Bernstein v. TractManager, Inc.

C.A. No. 2763-VCL, 2007 WL 4179088 (Del. Ch. Nov. 20, 2007)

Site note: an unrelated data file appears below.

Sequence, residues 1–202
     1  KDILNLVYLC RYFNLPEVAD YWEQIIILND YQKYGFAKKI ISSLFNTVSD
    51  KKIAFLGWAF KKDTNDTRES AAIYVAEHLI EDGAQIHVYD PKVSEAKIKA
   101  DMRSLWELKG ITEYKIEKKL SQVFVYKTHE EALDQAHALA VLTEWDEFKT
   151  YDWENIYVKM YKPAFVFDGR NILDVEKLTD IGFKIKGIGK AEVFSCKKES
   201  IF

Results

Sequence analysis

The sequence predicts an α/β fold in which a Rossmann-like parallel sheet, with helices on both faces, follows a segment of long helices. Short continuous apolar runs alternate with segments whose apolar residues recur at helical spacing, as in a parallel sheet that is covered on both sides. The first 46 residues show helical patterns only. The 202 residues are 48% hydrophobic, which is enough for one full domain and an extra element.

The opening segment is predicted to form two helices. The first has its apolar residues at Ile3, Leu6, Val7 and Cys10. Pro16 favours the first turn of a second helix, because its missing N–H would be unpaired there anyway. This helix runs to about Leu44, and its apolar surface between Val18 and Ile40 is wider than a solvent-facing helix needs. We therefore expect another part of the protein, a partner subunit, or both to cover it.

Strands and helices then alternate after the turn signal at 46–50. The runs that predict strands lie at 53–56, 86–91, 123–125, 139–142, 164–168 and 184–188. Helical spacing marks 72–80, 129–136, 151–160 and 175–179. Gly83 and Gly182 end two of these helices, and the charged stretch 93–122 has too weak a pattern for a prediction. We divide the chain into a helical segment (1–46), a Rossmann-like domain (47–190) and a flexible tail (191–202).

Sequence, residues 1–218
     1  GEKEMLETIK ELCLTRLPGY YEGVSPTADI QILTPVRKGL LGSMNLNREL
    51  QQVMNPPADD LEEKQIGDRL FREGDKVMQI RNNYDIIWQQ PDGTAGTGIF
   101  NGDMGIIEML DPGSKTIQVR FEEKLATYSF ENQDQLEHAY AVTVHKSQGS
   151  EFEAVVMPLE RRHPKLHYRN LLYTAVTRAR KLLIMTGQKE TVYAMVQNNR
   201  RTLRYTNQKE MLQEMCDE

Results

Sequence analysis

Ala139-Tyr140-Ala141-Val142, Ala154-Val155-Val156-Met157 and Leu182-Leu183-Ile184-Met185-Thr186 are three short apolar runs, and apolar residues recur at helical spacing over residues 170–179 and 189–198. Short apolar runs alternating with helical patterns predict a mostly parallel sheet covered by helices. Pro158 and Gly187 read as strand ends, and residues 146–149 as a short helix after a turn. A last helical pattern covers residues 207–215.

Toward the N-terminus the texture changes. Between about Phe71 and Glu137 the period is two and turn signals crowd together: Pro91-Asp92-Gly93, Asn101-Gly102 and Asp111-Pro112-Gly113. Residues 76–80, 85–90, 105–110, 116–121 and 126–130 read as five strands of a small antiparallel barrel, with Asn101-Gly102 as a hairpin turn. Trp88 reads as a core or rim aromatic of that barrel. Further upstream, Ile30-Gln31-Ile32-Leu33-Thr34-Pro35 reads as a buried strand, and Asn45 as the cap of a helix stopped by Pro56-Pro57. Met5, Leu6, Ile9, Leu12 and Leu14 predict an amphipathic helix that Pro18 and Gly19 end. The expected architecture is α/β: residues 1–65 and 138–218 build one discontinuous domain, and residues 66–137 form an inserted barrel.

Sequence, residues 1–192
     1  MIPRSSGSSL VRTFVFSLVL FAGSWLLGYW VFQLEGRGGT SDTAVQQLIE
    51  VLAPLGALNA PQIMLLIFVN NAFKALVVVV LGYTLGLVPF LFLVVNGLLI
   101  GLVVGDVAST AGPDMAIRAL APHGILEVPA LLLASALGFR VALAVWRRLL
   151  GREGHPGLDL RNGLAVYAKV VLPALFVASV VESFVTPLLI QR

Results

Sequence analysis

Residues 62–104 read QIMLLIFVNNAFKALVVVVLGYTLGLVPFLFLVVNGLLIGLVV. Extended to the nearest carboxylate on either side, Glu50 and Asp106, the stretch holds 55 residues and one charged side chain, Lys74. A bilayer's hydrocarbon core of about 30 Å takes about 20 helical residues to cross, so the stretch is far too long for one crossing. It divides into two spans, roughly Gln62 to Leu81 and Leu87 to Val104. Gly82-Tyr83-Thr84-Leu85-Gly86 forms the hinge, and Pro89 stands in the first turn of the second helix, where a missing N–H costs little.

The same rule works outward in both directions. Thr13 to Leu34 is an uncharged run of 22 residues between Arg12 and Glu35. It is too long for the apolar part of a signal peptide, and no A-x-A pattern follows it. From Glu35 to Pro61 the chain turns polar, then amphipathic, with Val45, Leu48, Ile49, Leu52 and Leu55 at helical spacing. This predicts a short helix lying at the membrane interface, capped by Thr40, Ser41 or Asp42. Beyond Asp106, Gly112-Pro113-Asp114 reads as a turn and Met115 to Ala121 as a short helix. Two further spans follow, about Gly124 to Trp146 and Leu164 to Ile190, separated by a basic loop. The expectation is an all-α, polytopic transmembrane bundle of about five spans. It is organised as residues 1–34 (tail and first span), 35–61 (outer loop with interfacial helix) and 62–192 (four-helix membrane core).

An LLC converted to a corporation, and the corporation’s bylaws provided for mandatory advancement of expenses to current and former officers and directors of the corporation. The corporation asserted claims against Bernstein, a director of the corporation who was also a co-founder and manager of the predecessor LLC, based on actions taken prior to the conversion. The LLC operating agreement provided for mandatory indemnification but not mandatory advancement. The court acknowledged that the LLC’s obligation to indemnify Bernstein under the operating agreement was preserved in the conversion, but the operating agreement did not provide for mandatory advancement, and the court rejected Bernstein’s claim that he was entitled to advancement of expenses under the bylaws. Bernstein argued that the bylaws provision granting advancement rights to any person made a party to an action “by reason of the fact that he or she is or was a director or officer of the corporation” should be read to include managers of the predecessor LLC. The court distinguished the instant case as involving a more fundamental change in identity than a case relied upon by Bernstein in which a corporation reincorporated in another state. The court pointed to the differences in the corporate and LLC statutes regarding indemnification and the fact that the bylaws provided for mandatory advancement only for directors and officers of the corporation when they easily could have included language granting advancement rights to managers and officers of the LLC. The court stated that the operating agreement should control just as it would if the tables were turned, i.e., if later adopted bylaws were more restrictive regarding the rights applicable to officers and directors of the corporation. The court thought it unlikely that a court in such a case would infer a silent intention to alter the more generous arrangements previously enjoyed by the managers or officers of the predecessor LLC.